The LG G8x ThinQ Folds But Isn’t a Foldable Phone & Here’s Why
The LG G8x ThinQ was launched last year in October for global markets and since then it has intrigued quite a few. The fact that the phone offers a dual-screen experience without asking for a very high price certainly grabbed my attention which is why I was keen on trying out the LG G8x.
But before we start giving you our opinion of the device, let’s be clear about one thing. The LG G8x isn’t a foldable phone much like the Galaxy Fold from Samsung. So, what is LG trying to achieve. Is the secondary display just a gimmicky addition or does it really add value to the package? Let’s find out.
The LG G8x covers all the basics with a powerful Snapdragon 855 processor coupled with 6GB of RAM and 128GB of internal storage which is expandable. It also offers wireless charging to the 4,000mAh battery pack.
A little splash won’t be a problem as it comes with IP68 water-resistance and a dual 12 and 13-megapixel camera setup at the back that clicks decent images. I liked the dynamic range the camera is offering but some of the images captured on the phone had blurred edges which were disappointing.
Check out some of the samples I clicked:
Now that we have breezed through the specs let’s talk about the real headline maker. The phone’s second screen. The secondary screen is the same panel that’s been used for the primary display. The second display connects to the phone via USB-Type C port and also uses the phone’s battery to power itself.
As a secondary display, you can use it to run multiple applications at a time. People who like multi-tasking will love this.
You can not only switch apps from one screen to the other using the three-finger swipe gesture but also browse websites on Chrome using the wide view option where you can view the entire website across both the displays.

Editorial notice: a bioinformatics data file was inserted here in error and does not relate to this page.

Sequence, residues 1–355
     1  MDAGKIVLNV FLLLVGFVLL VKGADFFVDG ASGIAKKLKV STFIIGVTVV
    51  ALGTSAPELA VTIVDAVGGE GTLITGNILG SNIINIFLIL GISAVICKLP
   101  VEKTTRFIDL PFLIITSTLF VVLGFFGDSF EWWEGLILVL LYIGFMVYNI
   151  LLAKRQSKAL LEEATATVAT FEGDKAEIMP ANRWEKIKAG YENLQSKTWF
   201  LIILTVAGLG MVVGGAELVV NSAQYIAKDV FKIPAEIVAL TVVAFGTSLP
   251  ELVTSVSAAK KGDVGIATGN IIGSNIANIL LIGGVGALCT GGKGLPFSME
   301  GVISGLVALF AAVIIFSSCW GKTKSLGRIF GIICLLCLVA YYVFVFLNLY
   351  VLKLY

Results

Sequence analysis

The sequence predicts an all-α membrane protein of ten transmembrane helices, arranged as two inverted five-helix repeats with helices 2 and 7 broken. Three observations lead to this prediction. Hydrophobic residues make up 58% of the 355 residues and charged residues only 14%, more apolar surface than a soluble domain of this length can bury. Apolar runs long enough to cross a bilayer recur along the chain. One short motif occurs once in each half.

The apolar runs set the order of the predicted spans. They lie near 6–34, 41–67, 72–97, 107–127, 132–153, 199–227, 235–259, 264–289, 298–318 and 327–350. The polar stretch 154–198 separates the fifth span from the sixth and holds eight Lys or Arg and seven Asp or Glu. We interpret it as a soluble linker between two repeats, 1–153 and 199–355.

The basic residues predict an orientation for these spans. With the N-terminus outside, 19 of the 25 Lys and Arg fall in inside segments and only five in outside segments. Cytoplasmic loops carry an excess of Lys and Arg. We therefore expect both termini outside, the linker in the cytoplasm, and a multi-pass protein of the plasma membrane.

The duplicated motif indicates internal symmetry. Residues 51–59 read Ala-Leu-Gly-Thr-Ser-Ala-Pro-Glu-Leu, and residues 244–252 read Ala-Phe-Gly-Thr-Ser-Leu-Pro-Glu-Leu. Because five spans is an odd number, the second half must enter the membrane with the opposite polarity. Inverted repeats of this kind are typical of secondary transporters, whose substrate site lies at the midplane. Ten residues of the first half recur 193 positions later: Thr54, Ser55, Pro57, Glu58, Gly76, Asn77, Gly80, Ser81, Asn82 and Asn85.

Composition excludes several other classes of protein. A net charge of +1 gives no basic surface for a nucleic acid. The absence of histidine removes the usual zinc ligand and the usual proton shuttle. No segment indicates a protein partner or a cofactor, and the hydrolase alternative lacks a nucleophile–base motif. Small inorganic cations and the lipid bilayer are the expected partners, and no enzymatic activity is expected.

It also offers Quad DAC for audiophiles if they’d want to rock on the headphone jack for high-fidelity audio.
LG has added a game pad for the second screen which can be used to play selective games. It didn’t really cater to my needs especially when I wanted to play with on-screen controls but it works brilliantly for racing and fighting games. I like LG’s thinking here and this is definitely a forward-looking approach.
Okay, what’s with that glossy panel on the front? Apart from the small 2-inch IPS display panel that shows the time, date and battery capacity, it doesn’t make a lot of sense. Long story short, it’s a fingerprint canvas.
The case that houses the secondary display is bulky and doesn’t come with an additional battery. The thick bezel between the two displays isn’t a pretty sight but it’s one of the compromises you’ll have to make when using two screens at the same time.
The plain jane design doesn’t really work for me. Having said that, it might work for others but frankly speaking, if you’re spending anything north of Rs 40,000, the phone needs to have the x-factor.
Also, I feel that app developers need to work on more applications to support this kind of form factor. Right now there’s a dearth of supportive apps for the dual-display phone.
The 4,000mAh battery might fall short of reaching meeting expectations especially when you’re running two displays. It’s a good thing that it supports 21W fast charger.
Should You Buy?
As a standalone device, there is nothing earth-shattering about the LG G8x ThinQ. But, when you bundle it with the secondary display there are a number of possibilities one can explore.
At Rs 49,999, you’re getting to experience a dual-screen phone which also runs a powerful processor and is waterproof.
Comparing the G8x to the Galaxy Fold would be like comparing apples to walnuts so I wouldn’t even go there. So, if you can learn to live with LG’s UI which looks a lot like what Samsung is offering with the One UI, I think the LG G8x is something you can consider.
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